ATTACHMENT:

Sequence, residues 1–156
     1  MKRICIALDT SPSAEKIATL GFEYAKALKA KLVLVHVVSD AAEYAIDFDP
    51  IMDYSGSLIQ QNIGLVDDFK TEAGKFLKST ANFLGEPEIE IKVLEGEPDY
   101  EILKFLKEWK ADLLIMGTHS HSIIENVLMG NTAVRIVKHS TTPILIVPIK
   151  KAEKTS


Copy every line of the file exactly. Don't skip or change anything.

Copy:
Sequence, residues 1–156
     1  MKRICIALDT SPSAEKIATL GFEYAKALKA KLVLVHVVSD AAEYAIDFDP
    51  IMDYSGSLIQ QNIGLVDDFK TEAGKFLKST ANFLGEPEIE IKVLEGEPDY
   101  EILKFLKEWK ADLLIMGTHS HSIIENVLMG NTAVRIVKHS TTPILIVPIK
   151  KAEKTS